The new Great Game


Rustam Shah Mohmand April 30, 2010

With so many powers in contention for dominance in our region, the contest has assumed new dimensions. Oil, gas and untapped mineral wealth have galvanised regional powers to seek ever greater shares in investments in a world which is destined to run out of natural energy resources in the next half century. In this perspective of economic rivalry, Afghanistan figures prominently.

The three major powers – US, Russia and China – have major, often conflicting, goals in Central Asia and Afghanistan. Russia, the erstwhile ruler of central Asia, is wary of a Taliban resurgence in Afghanistan whilst China would not want to see the restive Sinkiang province used by militants who have roots in Afghanistan.

It is in their interest that the US prevents extremist forces from gaining power in their respective areas of interest. However, they would show serious concern if there were any signs of permanent Nato presence in these areas once the combat phase is over. The policy of reconciliation and reintegration being pursued vigorously in Afghanistan is also viewed from different perspectives. President Hamid Karzai is trying to reach out to the estranged militants in order to persuade them to get into the mainstreamed political process.

His holding of a grand assembly of elders in Kabul next month is a step in that direction. But distances are growing between him and the Americans. The US goal is to achieve some semblance of military victory before the November 2010 congressional elections. But they have little inclination towards long, drawn-out negotiations with diehard fundamentalists who are now battling the coalition forces. Thus, when Karzai invited the Iranian president to Kabul, the US was annoyed.

When Pakistan decided to detain Mullah Baradar, a senior Taliban leader, the Afghan government expressed displeasure because it felt this would sabotage negotiations they were illegally having with certain Taliban leaders. India is concerned about Pakistan patronising a Taliban government, if one was to emerge after the withdrawal of coalition forces. While all these countries are pushing forward conflicting agendas, little is being done to end the conflict that has caused such devastation.

Pakistan’s policy contours are inexplicable at best. It is not making the emergence of an independent and stable Afghanistan a top priority, even though this is in its best interests. An India-centric approach takes the focus away from fundamental problems that need to be resolved. And in recent weeks it has declared that a withdrawal of coalition forces would be a grave error.

If Pakistan, which is supposed to have the best insight into the dynamics of this conflict, shows a total lack of understanding about the factors that continue to fuel the insurgency, it must be a sorry state of affairs. Pakistan, bogged down in trivialities, is not emphasising on seeking a durable solution to the conflict. Any convergence of US and Pakistan objectives would be deemed to be clashing with India’s interest. Any act that brings Iran and Afghanistan together would be viewed with suspicion in Washington.

Any notion of permanent US presence in the country would raise deep concerns in Beijing and Moscow. Any talk of reconciliation with the Taliban would be opposed by Iran, Russia and India. This has added to the immense complexity of the new Great Game. For Pakistan to steer past this awfully complicated situation would require vision, foresight and statesmanship of the highest degree.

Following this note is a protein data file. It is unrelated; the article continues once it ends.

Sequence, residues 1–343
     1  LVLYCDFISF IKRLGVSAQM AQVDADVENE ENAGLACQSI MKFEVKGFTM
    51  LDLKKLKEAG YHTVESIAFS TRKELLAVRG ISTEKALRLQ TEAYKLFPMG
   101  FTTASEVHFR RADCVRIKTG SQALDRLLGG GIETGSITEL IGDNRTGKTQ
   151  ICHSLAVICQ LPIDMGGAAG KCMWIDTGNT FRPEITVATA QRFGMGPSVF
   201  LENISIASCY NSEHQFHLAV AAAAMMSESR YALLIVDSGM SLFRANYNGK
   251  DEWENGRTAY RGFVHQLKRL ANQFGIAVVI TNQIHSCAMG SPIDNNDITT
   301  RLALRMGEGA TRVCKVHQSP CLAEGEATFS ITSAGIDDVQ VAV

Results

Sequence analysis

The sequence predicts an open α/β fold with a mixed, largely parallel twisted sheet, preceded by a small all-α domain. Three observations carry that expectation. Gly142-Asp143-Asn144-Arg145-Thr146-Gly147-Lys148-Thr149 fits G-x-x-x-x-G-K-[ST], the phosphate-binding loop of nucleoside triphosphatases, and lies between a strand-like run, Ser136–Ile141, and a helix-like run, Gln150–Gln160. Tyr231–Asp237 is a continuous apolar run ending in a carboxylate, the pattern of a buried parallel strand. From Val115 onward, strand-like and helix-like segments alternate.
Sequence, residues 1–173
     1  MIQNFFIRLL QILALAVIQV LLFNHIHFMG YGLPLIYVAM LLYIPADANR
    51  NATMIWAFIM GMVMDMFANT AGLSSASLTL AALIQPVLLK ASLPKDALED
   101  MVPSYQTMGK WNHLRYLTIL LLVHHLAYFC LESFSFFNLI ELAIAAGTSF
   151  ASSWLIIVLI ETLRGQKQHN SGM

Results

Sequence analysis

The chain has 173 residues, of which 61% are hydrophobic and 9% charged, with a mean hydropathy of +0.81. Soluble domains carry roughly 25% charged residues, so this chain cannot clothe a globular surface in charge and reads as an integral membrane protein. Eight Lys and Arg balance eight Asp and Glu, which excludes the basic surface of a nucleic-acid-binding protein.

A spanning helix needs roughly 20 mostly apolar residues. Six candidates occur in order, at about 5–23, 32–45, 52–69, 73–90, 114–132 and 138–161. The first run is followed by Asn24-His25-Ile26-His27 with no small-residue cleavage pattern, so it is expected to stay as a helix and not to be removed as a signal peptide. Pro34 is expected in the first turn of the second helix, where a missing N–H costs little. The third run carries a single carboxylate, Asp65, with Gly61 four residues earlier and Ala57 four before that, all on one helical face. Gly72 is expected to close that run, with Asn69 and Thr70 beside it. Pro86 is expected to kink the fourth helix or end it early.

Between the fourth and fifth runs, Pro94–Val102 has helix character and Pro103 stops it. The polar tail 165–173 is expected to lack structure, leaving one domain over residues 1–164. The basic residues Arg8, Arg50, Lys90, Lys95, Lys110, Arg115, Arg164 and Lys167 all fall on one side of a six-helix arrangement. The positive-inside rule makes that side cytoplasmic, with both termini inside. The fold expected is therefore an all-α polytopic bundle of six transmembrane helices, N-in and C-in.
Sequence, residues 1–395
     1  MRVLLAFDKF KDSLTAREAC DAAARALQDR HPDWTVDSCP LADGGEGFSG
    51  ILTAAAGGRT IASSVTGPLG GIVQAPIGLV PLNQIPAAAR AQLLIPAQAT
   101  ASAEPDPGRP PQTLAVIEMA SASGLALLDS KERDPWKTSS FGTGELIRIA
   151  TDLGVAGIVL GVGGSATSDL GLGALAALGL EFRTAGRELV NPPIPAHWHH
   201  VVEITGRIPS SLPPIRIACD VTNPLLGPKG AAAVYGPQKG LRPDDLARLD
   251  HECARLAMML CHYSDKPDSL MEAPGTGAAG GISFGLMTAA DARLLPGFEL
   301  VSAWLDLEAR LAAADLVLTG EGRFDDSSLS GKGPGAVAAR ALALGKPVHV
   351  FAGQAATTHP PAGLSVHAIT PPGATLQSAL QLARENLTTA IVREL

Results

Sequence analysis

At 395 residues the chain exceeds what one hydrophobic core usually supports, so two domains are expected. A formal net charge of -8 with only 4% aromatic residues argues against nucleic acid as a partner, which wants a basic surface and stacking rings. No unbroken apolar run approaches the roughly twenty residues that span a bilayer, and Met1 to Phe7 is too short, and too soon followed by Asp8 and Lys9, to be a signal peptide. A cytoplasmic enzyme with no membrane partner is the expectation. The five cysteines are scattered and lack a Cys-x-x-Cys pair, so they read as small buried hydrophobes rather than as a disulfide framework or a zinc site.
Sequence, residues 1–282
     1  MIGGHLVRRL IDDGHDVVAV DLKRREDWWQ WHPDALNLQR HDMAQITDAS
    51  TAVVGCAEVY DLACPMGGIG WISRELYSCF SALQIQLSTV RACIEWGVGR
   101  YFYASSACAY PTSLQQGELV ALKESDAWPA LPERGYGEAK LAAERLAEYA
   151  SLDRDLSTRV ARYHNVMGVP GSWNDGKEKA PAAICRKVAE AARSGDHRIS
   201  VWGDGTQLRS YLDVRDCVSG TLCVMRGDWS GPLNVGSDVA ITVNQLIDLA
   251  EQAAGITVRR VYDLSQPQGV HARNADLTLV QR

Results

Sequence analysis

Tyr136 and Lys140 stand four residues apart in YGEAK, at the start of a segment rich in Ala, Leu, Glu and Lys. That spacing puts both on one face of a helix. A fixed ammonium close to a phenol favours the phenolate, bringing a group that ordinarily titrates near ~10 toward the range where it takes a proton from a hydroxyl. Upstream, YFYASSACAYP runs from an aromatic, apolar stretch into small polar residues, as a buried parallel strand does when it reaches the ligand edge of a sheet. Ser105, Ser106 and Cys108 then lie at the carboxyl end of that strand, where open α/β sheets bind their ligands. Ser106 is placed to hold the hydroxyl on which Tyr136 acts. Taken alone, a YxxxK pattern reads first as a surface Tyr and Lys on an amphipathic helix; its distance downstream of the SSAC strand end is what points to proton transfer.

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COMMENTS (5)

User | 10 years ago | Reply My take is that India will not get involved in the great game and just continue loading up oil tankers from the gulf as usual. It's between the US and China that the great game will play out both in Pakistan and Afghanistan. Given the history of China’s stealth entry into Tibet followed by outright annexation half a century ago, Pakistan should worry more about China more than the US. The Chinese played the “all weather friend” game with India back then and fooled the Indians. Shaksgam Valley is another example. The US is geographically isolated from the region to have other interests more than simply pushing back China. Note that the PLA has a track record of not leaving occupied lands once they put their feet on it. So let’s be careful and worried, lest we want to end up caught by surprise as being another Xinjiang puppet in the hands of China. The vision and foresight you call for on the part of Pakistan is to come to terms with a basic fact that a return of Taliban is not in the best long-term interests of Pakistan. It is in the best interests of China. Let's be on the same page with the US, Iran, Russia and India on this. The great game has become complex because we have unnecessarily made it so. It doesn't have to be. The key is choosing what's right for Pakistan as opposed to harping on directives of Chinese think tanks.
Malik Shahzad | 10 years ago | Reply What Pakistan is faced with at the moment is the ill-conceived policies of our security establishment. It would be unjustified to blame Afghanistan for our problems. We have always used Afghanistan as proxy for our vested interest. Taliban who remained successful in restoring peace and stability in war ravage Country, Afghanistan were brutally ousted by Pakistani Establishment after conspiring with US. This is need of the hour to revise our domestic and foreign policies as soon as possible, before it get too late. Rustam Shah Mohmand has excellently presented the prevailing political and strategic developments. But I see no role of Pakistan in these major happenings. Once again it will be used as tissue paper.
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